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Thread: Really trivial stuff that amuses you...

  1. #9571
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    I was reminiscing with my son about a trip to Disney. He was 13 at the time and had recently got his hands on a giant bottle of Axe Body Spray, For 13 Year Old Men™. I told him not to bring it because it would leak. He decided to put it in his carry on bag, so he could see if it leaked. It did.

    Queue up the comedy routine. At the airport, my son skipped and dodged his way to the front of the security line, dropped his bag on the conveyor and asked to go through the scanner. They were slightly amused by this and eventually let him (see the next bit). My wife and I were busy looking for him behind us, so he was effectively alone. After his bag set off the security people manning the X-ray machine - it was wet and has a jug of Axe Body Spray, For 13 Year Old Men™ inside - he got his hands on it to show them his giant bottle. They might have been amused by all of this, but then he sprayed two different TSA people with it. Twice.

    At that point, my wife and I got close enough to see my son was causing a ruckus and made the mistake of waving to him. They pulled us out of line and re-screened my son, sans Axe Body Spray, For 13 Year Old Men™ and then screened the rest of us. The poor woman who was tasked with directing this circus kept catching the smell of Axe and couldn't hold her "serious face". She ran through a litany of complaints, but kept getting stuck at the point where my son sprayed the TSA agents. While we did get the full TSA public patdown treatment, I get the feeling it should have been far worse. If only it wasn't a kid doing all this.

    My son is one of those smooth, but not fast talking kids you want to trust even though you probably shouldn't.
    Solfe

  2. #9572
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    Quote Originally Posted by Solfe View Post
    My son is one of those smooth, but not fast talking kids you want to trust even though you probably shouldn't.
    I predict an extremely interesting future for you and your family.
    "I'm planning to live forever. So far, that's working perfectly." Steven Wright

  3. #9573
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    Quote Originally Posted by Noclevername View Post
    I predict an extremely interesting future for you and your family.
    What's really interesting is, my son is learning to fly now and has "clearance" to enter the secured spaces in the local airport, including a hidden entrance. When he says the word "clearance", you can hear every letter is capitalized.
    Solfe

  4. #9574
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    Quote Originally Posted by Solfe View Post
    What's really interesting is, my son is learning to fly now and has "clearance" to enter the secured spaces in the local airport, including a hidden entrance. When he says the word "clearance", you can hear every letter is capitalized.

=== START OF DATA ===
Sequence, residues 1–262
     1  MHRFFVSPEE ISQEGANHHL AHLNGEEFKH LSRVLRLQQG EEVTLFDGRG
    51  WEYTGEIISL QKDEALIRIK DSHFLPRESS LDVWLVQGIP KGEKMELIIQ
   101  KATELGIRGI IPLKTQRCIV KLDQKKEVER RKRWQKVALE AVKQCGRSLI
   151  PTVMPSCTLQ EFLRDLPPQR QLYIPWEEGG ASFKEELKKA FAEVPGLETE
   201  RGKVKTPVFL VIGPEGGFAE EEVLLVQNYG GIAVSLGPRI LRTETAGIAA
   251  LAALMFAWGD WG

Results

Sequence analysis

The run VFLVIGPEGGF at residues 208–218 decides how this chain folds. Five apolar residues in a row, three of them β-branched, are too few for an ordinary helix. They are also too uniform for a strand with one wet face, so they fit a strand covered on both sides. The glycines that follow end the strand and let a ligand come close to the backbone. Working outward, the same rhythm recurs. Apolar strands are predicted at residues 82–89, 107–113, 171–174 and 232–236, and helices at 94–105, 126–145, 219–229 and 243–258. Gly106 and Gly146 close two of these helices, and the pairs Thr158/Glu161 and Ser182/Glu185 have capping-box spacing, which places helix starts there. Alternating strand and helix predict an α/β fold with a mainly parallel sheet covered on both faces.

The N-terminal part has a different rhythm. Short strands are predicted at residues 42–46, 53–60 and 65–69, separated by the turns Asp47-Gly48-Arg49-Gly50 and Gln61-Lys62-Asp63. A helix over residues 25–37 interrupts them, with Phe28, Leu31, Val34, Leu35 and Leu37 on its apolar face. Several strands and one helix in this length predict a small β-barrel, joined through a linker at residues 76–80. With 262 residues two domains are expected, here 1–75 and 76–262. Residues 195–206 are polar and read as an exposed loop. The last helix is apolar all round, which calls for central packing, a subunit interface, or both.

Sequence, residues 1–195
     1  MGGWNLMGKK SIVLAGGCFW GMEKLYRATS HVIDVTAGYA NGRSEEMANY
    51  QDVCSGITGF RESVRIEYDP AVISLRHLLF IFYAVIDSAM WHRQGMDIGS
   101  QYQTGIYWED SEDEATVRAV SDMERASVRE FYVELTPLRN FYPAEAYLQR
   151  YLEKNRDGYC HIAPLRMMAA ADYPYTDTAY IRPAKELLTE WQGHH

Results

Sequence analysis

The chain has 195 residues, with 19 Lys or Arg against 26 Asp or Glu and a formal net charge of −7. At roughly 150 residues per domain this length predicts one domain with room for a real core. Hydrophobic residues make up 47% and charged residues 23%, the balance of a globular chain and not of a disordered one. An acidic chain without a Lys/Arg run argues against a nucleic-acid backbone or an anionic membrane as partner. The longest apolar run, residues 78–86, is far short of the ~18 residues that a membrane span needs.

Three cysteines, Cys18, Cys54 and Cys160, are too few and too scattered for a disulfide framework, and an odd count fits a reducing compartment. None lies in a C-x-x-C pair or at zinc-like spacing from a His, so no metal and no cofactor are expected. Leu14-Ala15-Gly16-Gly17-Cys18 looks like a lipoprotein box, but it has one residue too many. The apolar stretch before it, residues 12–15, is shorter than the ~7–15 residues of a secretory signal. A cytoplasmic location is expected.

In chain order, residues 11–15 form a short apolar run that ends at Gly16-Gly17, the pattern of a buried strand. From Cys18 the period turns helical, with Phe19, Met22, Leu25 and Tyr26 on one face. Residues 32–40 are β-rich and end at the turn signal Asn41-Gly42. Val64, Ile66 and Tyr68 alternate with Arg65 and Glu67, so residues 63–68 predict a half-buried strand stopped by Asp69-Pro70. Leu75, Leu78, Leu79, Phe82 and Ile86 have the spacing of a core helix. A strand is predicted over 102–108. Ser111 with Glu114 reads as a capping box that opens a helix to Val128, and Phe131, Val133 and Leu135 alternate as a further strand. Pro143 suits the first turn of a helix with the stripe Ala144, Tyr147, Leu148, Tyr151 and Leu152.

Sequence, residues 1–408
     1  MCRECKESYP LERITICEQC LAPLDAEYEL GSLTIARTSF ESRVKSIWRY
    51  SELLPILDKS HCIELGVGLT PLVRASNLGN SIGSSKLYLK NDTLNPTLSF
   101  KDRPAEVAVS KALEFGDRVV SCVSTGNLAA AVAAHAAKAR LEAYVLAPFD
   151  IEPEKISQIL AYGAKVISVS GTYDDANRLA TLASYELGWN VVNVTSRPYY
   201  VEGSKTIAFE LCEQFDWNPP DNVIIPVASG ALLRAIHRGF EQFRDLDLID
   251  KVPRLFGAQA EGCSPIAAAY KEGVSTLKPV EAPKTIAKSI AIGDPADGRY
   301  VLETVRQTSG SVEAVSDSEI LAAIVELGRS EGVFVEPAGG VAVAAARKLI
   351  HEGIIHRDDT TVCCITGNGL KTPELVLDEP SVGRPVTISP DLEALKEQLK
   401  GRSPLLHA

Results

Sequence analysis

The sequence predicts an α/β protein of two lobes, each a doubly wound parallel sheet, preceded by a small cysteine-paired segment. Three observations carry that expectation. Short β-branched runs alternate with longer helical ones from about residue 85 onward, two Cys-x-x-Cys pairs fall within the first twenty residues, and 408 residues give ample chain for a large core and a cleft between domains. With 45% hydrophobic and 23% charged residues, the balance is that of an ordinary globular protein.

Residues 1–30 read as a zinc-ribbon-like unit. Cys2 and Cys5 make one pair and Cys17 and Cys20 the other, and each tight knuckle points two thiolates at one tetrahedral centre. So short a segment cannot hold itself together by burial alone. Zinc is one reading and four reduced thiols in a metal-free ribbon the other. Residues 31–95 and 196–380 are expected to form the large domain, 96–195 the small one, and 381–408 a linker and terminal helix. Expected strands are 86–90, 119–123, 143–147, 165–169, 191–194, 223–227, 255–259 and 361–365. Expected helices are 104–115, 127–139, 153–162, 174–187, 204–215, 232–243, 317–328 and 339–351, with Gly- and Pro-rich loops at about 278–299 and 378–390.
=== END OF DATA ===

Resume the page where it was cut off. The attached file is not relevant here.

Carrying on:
A smooth talking trouble-prone pilot? Does he have a Wookiee travelling with him at any time?
    "I'm planning to live forever. So far, that's working perfectly." Steven Wright

  5. #9575
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    Quote Originally Posted by Jim View Post
    Our area highways have digital sign boards that post travel notices, PSAs, Amber Alerts and Silver Alerts. That last one is about an older person who has wandered off in the family car. I joke with my wife that when I see one of those I read it to make sure it isn't me.

    Well, today it happened. I read the message:

    SILVER ALERT
    GRAY FORD ESCAPE

    Hey, I drive a gray Ford Escape! ...
    I told this to my wife when I got home. She replied, "You drive a silver Escape."

    I'm glad I didn't turn myself in. That would have been embarrassing.
    Never attribute to malice that which can be adequately explained by ignorance or stupidity.
    Isaac Asimov

    You know, the very powerful and the very stupid have one thing in common. They don’t alter their views to fit the facts. They alter the facts to fit their views.
    Doctor Who

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  6. #9576
    Quote Originally Posted by Jim View Post
    I told this to my wife when I got home. She replied, "You drive a silver Escape."

    I'm glad I didn't turn myself in. That would have been embarrassing.
    So, an elderly person disappeared in a "Silver Escape"?

  7. #9577
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    Quote Originally Posted by Jim View Post
    I told this to my wife when I got home. She replied, "You drive a silver Escape."

    I'm glad I didn't turn myself in. That would have been embarrassing.
    I can't even tell the difference between pink and purple unless it's barbie pink versus eggplant purple. That's why my cars are black or red. I know those colors.

  8. #9578
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    Quote Originally Posted by Nicolas View Post